I would continue to use this on laying hens and use the other mix for the maintenance birds. I would not worry about the corn content in either but watch the protein and vitamin levels in the less costly feed as there are reasons the feed is cheaper. Usually the vitamin and mineral package so if you go to the cheaper look and see the difference in the amounts of certain vitamins and use something in the drinking water to supply it.
    I use a similar feed on mine which is formulated for game cocks and it is a grain mix with different fortification pellets in it and one of those is Alfalfa which is our Rabbit pellet which is over 50% Dehydrated Alfalfa. The protein on the game cock feeds are 13%, 17%, and 18% and these are more costly as the protein goes up in analysis on them.
    The 5 grain mix you are using will be somewhat low in Protein if there is none added like Soy Meal or some pellet with fortification. According to your ingredient list it shows no form of protein which would most likely make it a 10% or there about which would be inadequate for most poultry. Some folks do this and fortify it with Super Charger a 32% fortified pellet we make and some use the Manna Pro Calf Manna which is 25% and there are other concentrated pellets on the market but somewhere you have to pay for the protein in the feed and it is costly on the market now which is why your feed has gone up substantially.
  • Thanks Bill for the information on this subject.
  • I feed corn. Now take in mind I am not a genetics expert. My line of white birds (Cornish) have both a red gene and a silver gene. I find out quick who is carrying what. Most of the ones with the silver gene you can put them in the sun and feed them all the corn you want. They will never turn yellow. The red gene ones are somewhat creamy in color and have a red/yellow cast to the feathers. So even have some red tipped feathers to. Under developed feathers on a white also are going to have a yellow look to them. When they finish out completely they will turn white.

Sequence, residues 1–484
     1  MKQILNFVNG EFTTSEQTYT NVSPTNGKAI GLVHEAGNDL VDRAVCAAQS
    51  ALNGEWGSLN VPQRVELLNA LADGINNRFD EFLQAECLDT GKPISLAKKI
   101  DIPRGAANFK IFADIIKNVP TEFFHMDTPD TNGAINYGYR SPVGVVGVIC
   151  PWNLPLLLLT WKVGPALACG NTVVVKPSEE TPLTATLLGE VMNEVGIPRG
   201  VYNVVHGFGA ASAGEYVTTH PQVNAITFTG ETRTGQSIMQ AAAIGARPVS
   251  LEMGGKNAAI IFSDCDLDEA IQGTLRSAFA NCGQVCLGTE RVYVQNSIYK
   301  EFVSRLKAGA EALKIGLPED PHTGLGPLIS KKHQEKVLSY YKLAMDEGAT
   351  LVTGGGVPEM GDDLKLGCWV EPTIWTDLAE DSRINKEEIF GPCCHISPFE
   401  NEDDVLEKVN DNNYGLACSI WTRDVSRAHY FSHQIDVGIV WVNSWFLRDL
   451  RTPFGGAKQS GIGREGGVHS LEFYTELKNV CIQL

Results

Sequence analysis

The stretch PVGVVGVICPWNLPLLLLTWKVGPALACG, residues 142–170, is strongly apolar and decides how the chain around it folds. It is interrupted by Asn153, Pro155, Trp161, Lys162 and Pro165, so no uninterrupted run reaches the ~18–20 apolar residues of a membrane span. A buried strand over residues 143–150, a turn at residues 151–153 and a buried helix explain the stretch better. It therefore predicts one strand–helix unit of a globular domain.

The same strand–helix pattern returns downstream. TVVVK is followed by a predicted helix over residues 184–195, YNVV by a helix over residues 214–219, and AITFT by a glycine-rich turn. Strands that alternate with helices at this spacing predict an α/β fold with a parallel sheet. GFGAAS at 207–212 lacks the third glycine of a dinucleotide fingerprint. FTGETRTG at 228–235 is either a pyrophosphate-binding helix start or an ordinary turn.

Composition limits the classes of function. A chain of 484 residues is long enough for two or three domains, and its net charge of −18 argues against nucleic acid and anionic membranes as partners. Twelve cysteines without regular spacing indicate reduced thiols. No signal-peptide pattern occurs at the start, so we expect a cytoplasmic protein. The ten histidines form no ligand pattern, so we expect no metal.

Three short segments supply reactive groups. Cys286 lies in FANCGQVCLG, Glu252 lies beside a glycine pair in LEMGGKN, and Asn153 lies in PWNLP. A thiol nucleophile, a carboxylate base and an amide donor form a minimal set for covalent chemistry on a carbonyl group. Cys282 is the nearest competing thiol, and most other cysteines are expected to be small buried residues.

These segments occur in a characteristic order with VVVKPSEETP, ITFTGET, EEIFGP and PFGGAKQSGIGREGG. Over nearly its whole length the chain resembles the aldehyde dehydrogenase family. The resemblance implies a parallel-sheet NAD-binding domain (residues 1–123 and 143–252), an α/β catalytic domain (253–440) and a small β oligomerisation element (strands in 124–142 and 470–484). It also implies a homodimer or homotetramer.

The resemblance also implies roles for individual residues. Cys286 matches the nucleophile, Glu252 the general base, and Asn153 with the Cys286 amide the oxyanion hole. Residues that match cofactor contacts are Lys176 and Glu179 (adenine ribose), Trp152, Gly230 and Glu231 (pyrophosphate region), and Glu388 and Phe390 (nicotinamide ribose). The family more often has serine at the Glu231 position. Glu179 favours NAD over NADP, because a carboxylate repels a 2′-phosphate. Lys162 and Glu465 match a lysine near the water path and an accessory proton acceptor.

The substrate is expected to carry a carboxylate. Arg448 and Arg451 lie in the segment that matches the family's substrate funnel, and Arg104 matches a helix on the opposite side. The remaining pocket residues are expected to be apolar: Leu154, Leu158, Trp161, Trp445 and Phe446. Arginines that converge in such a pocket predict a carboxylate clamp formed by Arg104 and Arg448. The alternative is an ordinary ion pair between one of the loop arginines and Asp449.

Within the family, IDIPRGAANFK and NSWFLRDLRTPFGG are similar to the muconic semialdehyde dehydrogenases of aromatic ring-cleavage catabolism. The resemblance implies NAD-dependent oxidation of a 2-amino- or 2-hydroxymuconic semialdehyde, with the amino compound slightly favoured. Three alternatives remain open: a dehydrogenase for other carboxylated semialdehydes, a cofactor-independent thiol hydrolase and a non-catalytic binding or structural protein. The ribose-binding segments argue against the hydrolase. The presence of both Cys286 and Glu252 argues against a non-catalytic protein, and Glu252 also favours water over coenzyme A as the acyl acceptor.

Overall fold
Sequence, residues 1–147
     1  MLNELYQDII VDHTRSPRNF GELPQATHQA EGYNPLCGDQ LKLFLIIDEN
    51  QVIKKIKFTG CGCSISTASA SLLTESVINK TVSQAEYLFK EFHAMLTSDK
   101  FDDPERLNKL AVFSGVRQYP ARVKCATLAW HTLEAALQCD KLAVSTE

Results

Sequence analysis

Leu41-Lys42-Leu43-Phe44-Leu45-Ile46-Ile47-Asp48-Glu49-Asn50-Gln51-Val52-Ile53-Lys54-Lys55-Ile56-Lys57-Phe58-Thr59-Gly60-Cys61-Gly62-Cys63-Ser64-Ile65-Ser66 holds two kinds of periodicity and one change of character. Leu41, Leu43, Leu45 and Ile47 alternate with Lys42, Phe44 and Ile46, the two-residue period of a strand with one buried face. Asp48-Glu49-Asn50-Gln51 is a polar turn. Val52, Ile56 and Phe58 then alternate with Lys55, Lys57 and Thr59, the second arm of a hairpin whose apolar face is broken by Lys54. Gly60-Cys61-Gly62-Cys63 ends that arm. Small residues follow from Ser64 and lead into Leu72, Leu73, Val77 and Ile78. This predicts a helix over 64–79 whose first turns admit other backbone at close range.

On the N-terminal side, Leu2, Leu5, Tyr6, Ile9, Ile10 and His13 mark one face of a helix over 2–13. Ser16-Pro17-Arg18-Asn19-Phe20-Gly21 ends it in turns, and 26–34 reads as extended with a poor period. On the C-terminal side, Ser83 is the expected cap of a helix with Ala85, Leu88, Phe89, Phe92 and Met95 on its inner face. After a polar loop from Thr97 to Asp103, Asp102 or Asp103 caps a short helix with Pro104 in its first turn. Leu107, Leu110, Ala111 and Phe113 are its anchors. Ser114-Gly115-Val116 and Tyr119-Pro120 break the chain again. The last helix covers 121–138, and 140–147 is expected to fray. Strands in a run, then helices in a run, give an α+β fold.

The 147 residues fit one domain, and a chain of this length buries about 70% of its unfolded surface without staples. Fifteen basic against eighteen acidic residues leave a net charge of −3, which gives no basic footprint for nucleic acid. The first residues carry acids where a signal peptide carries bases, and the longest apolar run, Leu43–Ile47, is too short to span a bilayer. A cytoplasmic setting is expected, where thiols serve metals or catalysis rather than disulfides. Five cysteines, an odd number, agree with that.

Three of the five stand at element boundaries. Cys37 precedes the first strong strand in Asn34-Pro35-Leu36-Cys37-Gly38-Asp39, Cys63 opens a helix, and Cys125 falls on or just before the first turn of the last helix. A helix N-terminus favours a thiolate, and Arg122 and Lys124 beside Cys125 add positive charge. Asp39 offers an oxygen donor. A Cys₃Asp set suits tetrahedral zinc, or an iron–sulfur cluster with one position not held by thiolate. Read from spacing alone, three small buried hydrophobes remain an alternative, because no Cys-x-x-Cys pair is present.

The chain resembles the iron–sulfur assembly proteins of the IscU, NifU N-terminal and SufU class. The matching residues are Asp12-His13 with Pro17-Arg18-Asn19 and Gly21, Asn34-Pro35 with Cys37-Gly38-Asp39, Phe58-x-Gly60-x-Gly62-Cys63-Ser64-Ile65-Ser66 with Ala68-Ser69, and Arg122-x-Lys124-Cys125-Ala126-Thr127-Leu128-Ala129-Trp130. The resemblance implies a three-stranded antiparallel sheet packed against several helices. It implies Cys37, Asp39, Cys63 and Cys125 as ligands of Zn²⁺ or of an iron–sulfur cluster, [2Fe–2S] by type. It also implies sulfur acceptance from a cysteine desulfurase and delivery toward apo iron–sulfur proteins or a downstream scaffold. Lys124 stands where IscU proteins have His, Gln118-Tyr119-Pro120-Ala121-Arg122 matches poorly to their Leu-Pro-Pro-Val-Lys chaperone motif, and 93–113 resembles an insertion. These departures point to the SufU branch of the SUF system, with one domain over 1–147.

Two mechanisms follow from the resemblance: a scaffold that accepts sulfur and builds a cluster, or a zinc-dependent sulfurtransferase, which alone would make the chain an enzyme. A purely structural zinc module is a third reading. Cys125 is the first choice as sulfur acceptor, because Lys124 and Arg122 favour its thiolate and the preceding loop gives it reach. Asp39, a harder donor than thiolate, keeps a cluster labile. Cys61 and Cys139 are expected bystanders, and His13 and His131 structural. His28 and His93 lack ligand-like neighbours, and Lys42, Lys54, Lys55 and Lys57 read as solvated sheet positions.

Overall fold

• Bill you are right about the protein % the 5 grain feed i'm feeding has got 8% protein, i am mixing a crumbles that has 18% so it appears i'm on the right track, thanks for all the info.
  • I hope it helped Woodrow.
  • Bill you've been a big help in this feed debate, i have one more question, alot of breeders i talk to say that there is no fat in the feed any more and what i'm seeing is about 5% fat, is that ok or should it be supplemented and if so with what?
  • No Woodrow you would not need to supplement 5% fat in the ingredients. Most laying feeds and starter feeds are 3-4% so if the feed you are feeding is 5% it is plenty but I will just tell you when you add the other protein feed you will cut the fat % in your mix. The fat in that mix you are using is coming from the Black Oils. It must have quite a few in it. It may also have Soy Oil or some other hi-fat oil in it to keep down the dust. At any rate you won't need to worry about the fat content, just the protein and vitamin and mineral levels.
    I hope this helps.